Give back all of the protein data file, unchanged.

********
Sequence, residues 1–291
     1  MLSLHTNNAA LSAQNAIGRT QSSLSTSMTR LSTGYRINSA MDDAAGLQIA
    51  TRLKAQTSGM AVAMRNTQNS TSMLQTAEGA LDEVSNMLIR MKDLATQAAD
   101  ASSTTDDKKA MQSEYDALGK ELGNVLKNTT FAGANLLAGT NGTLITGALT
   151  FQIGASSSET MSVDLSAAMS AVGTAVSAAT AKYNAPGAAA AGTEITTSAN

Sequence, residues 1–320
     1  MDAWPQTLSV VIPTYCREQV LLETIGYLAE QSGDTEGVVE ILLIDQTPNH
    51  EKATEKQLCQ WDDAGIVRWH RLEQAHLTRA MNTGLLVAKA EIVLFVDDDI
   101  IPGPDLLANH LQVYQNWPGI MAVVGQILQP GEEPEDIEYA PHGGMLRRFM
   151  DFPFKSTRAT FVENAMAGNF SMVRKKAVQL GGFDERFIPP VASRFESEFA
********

Sequence, residues 1–291
     1  MLSLHTNNAA LSAQNAIGRT QSSLSTSMTR LSTGYRINSA MDDAAGLQIA
    51  TRLKAQTSGM AVAMRNTQNS TSMLQTAEGA LDEVSNMLIR MKDLATQAAD
   101  ASSTTDDKKA MQSEYDALGK ELGNVLKNTT FAGANLLAGT NGTLITGALT
   151  FQIGASSSET MSVDLSAAMS AVGTAVSAAT AKYNAPGAAA AGTEITTSAN

Sequence, residues 1–320
     1  MDAWPQTLSV VIPTYCREQV LLETIGYLAE QSGDTEGVVE ILLIDQTPNH
    51  EKATEKQLCQ WDDAGIVRWH RLEQAHLTRA MNTGLLVAKA EIVLFVDDDI
   101  IPGPDLLANH LQVYQNWPGI MAVVGQILQP GEEPEDIEYA PHGGMLRRFM
   151  DFPFKSTRAT FVENAMAGNF SMVRKKAVQL GGFDERFIPP VASRFESEFA